Sunday, 26 August 2012

Back From Vacation!

Sorry for being MIA for a while, took a greatly anticipated vacation to the homelands of Nova Scotia and Ontario!  The trip was wonderful, full of adventures, family time, relaxation, and seeing old friends.  Now we're back home and the SO needs to get ready to go back to work tomorrow and I'm prepping and packing for a week of horse fun.  I have to work tomorrow, but am heading out right afterwards for a 6 hour drive then 3-day clinic to be topped off by our last show of the season. 

I'm hoping that this clinic will help Koda and I continue on our learning curve and I can continue to ride him as a 'finished' horse.  Also, am looking to get a little further around the course this time!  I'm lucky enough to have my friend coming up for both the clinic and show and have a spot for me in her RV to bunk for the week instead of tenting it.

There isn't THAT much to prepare, since with the new trailer I keep mostly all of my tack in there, so that isn't needed to be packed.  Just need to do laundry for myself and repack everything and away we go! 

I'm a bit nervous for the clinic, but we are in the starter level, so we're where we should be.  I haven't ridden with an instructor for a year, and Koda is still very green to this eventing game, along with us being a new combination, it'll be interesting to say the least :)

Will hopefully have some internet access while I'm away so I can keep you updated!  The SO can't come with this time (working) so will be, as they say, riding solo!

Friday, 10 August 2012

Getting the Hang of it

I think I have found a slight break through moment.  I’ve been riding Koda like a truely green horse, and so I ride him very defensively.  Tonight I just got down to it and rode him how I used to ride; forward, into the bridle, with the expectation of obedience and a good work ethic.  Presto – Koda worked wonderfully tonight.

Here is my crazy super high energy half-arab!

We did some suppling exercises just to wake him up and get that long body of his flexing around my legs through corners and circles.  Once he was all nice and supple, we worked on a 20m circle to help with our canter transitions.  We’re still working on our communication, me findng his ‘buttons’ and him figuring out what I’m asking for.  His canter has improved tremendously, becoming really balanced, especially when (surprise surprise) his rider is balanced too!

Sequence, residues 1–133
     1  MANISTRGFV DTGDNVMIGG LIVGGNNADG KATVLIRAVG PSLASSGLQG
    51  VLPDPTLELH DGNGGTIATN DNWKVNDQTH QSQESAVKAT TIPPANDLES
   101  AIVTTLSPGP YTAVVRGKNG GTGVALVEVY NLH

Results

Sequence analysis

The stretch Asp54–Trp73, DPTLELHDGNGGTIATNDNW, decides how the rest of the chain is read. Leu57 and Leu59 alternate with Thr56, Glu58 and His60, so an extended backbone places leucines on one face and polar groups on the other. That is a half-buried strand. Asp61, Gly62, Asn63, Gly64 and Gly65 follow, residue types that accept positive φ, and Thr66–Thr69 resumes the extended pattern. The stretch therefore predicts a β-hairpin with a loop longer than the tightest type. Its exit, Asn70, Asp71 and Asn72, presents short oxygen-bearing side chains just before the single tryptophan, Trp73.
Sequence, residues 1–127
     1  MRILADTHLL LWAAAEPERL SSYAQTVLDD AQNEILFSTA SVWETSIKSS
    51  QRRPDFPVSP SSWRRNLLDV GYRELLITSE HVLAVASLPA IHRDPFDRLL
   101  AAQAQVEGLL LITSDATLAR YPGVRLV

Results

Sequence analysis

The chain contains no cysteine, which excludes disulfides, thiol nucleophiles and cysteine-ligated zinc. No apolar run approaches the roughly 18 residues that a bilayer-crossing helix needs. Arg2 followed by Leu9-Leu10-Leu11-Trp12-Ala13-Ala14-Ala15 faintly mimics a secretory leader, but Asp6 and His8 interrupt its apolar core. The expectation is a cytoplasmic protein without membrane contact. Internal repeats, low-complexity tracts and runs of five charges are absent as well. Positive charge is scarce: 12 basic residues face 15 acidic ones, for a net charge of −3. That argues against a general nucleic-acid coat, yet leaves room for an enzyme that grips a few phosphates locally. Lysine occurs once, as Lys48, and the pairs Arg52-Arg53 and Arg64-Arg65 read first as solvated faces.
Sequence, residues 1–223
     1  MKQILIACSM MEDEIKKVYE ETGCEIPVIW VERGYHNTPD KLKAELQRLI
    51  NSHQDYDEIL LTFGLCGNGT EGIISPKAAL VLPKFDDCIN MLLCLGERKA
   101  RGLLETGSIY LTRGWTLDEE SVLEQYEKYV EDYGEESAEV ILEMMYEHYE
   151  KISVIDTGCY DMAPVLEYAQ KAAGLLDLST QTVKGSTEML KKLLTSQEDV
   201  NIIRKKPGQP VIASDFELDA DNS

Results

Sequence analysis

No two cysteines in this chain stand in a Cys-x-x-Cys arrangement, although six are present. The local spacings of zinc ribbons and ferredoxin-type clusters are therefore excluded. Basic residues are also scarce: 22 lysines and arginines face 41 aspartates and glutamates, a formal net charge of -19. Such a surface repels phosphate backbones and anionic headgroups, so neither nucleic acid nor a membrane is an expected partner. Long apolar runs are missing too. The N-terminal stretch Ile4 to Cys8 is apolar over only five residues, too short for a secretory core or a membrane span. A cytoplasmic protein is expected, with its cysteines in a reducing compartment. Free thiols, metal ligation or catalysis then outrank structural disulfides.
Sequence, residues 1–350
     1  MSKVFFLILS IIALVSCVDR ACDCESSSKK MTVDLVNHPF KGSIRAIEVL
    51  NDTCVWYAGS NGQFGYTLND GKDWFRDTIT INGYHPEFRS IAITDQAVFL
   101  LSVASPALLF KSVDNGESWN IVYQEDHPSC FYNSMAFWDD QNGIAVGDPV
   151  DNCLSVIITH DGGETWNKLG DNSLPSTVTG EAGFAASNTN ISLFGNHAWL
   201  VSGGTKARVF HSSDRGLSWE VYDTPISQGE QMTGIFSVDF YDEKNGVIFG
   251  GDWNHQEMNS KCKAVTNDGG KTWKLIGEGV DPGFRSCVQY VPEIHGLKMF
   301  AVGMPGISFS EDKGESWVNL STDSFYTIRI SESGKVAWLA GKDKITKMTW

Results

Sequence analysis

This is our back field set up as a part jumping arena, part driving arena, part trail obstacle course. 

After our canter work we did some jumping work.  I was only going to do our stadium fences, but the brush jump was too much of a draw, couldn’t help myself J  It was kind of funny, I was nervous to jump him over our small jumps!  I’ve shown up to 2’6” and schooled 2’9” but here I was, my heart thundering (out of nerves or excitement?!) because I was jumping a 2’ vertical.  The BO (who graciously agreed to video us) thought that it may be baggage from Celtic and our experience we had at the past horse trial, me expecting him to refuse.  While riding, Koda does like to go a touch speedy after a fence, so am possibly going to look into getting a little heavier bit with a touch more breaks.

Here are some video of us tonight.  Be gentle with my form!  I need to find my release again, sorry boy!

Tuesday, 7 August 2012

On The Line

Tonight I came out to find a few fresh teeth marks along Koda's back where the saddle goes, so instead of riding in the back field, we worked on the line over everything. 

It was GREAT! 

I was really surprised at how well he tackled everything, he only had one refusal when going over the tire jump for a second time.  For that he got a tap on the offending shoulder, then sent over a couple more times and he was perfect.  He even walked and trotted through the scrunched up orange tarp, at one point popping over it, with no problems or anxiety.  Nothing bothered my boy, he was all business.  Jump over these logs?  No problem!  Oh, go through this 1-stride?  Ok, on it.  The brush jump?  Sure! 

While we were working on the line I was trying to instill the word "jump!"  or "up!" whenever he came to an obstacle to go over. I like using verbal cues in my training since when I ride I am a rather talkative person (particularly on cross-country, you can hear me from a mile away).  Right at the end of the night we went over a 2'3" verticle (gotta love milk crates as standards) then went over the brush.  I didn't have him quite lined up for the brush, but called jump either way and he jumped it!  Am so happy with him :)

Now to translate this to under saddle...

Another thing I was very happy to see was he actually lifts his knees quite nicely, he doesn't hang his front legs like some quarter horses or quarter horse crosses are prone to do.  He actually jumped better over the bigger fences in the field, which makes sense since he is all about saving energy.  If he can trot over it without jumping, he will.  Same goes for cantering.

I'll try to get photos next time we're out, am so happy we have this field set up!

Need to get more milk crates

Monday, 6 August 2012

The Back Field

So last night the BO and I set up a huge obstacle/cross country course in our back field.  It is great!  We have set up:  a box and brush jump, blue barrel jump, moved the logs over to the field, milk crate jumps, a tire jump, and some ground pole exercises.  We have the orange tarp set up on a post,along with a tire to be dragged a la cowboytrail challenge.

It took a while to set up, but Koda and I went in to have fun either way.  It was a short, but productive ride.  Koda took most of it in-stride, surprisingly, but was afraid of... the panel that acts as a gate to get into the field.  No, he didn't look at the orange tarp flapping in the breeze, brush jumps, big blue barrels pffft, that's nothing!  But the panel that he's seen ever since he's been here was the horse eating monster of the field.  Oh, Koda...